Fed Seeks to Change Bank Capital Rules

Amid the flurry of bank bailouts and potential mergers, the Federal Reserve Board and other agencies aim to change the way Tier 1 capital is calculated in the wake of a business combination.

Recently, the Federal Reserve Board requested public comments on an interagency notice of proposed rulemaking that would alter the manner in which a banking organization, under the Fed’s jurisdiction, calculates a crucial measure of financial health — so-called Tier 1 capital. In most cases, this class of capital refers to core holdings, including equity and disclosed reserves.

Under existing regulatory capital rules, a banking organization must deduct certain assets from Tier 1 capital. Included among these assets are goodwill and other intangible assets arising from a “taxable business combination.”

The full or “gross carrying amount” of the asset is deducted for purposes of determining Tier 1 capital. By contrast, and inexplicably, a banking organization when computing Tier 1 capital is permitted to net any associated deferred tax liability (DTL) against some intangible assets acquired in a non-taxable business combination prior to deduction from Tier 1 capital. The notice of proposed rulemaking is designed to eliminate this dichotomy with respect to goodwill (and presumably other “indefinite lived” intangible assets) arising in a taxable business combination. 1

In the case of a taxable business combination, FAS No. 141, Business Combinations, requires the use of the “purchase method” of accounting. (For business combinations completed in 2009 and later, the “acquisition method” of accounting will have to be employed). Under the purchase method, however, the acquiring entity is required to assign the cost of the acquired entity to each identifiable asset acquired and liability assumed.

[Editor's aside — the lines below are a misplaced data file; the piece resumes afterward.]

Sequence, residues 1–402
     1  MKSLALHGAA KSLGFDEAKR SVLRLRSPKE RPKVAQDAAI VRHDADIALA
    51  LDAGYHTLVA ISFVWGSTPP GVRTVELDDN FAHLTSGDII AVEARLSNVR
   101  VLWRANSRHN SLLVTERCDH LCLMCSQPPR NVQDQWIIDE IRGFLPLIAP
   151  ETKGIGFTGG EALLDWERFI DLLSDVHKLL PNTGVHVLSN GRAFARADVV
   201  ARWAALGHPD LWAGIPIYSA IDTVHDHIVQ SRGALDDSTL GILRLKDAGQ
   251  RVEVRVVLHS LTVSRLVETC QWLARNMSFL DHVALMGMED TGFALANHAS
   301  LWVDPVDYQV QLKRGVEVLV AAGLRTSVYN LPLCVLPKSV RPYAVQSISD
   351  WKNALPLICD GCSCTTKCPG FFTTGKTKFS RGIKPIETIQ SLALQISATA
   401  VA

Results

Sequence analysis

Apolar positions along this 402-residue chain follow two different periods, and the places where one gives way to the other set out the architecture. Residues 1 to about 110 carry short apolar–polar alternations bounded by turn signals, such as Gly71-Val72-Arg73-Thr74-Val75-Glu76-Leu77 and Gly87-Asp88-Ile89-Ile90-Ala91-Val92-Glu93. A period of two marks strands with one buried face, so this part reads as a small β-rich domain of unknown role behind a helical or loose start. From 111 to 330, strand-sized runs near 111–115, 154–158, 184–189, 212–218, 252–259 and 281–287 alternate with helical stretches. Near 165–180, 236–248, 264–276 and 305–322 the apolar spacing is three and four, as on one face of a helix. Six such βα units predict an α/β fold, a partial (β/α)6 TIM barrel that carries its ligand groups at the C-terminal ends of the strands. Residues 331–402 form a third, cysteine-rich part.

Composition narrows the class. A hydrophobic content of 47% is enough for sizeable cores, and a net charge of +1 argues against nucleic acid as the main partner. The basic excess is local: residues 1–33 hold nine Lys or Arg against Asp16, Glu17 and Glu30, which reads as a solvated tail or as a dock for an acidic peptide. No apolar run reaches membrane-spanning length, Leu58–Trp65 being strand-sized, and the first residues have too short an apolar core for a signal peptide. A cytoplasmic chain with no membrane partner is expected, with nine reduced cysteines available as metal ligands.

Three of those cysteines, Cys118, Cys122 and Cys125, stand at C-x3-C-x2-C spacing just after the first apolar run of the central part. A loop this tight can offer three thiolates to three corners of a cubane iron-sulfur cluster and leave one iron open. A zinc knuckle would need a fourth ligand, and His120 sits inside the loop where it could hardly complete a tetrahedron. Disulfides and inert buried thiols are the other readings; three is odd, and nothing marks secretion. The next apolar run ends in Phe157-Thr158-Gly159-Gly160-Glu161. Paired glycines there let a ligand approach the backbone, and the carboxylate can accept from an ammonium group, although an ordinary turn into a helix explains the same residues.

The amounts so assigned are based upon the fair market values of these items as of the “acquisition date.” In cases where the cost of the acquired entity exceeds the net of the amounts so assigned, the excess is attributed to goodwill. In a taxable business combination, the carrying amount and tax basis of goodwill are initially identical with the result that no DTL (or deferred tax asset) is established to reflect the tax effect of any basis difference.

However, for financial accounting purposes, FAS No. 142, Goodwill and Other Intangible Assets, prohibits the amortization of goodwill and requires instead the periodic “testing” (not less frequently than annually) of the carrying amount of goodwill for impairment. By contrast, for tax purposes, Section 197(a) of the Internal Revenue Code requires that the cost of most acquired intangible assets, including goodwill, be amortized ratably over the 15 year period beginning with the month in which the intangible asset is acquired.

Taxable Temporary Differences

As a result of this difference in treatment, so-called “taxable temporary differences” will arise as goodwill is amortized for tax purposes, but not for “book” purposes. Such disparate treatment will create an excess of book basis over tax basis with respect to the asset. As a result, a taxable temporary difference would be created within the meaning of FAS No. 109, Accounting for Income Taxes, with respect to which a DTL must be recognized.2

The DTL, however, is neither reduced nor reversed (i.e, it is not “settled”) for financial reporting purposes unless the associated goodwill is written down (or written off) upon finding an impairment, or is otherwise “derecognized.” Therefore, the DTL will not be settled until some indefinite future date.

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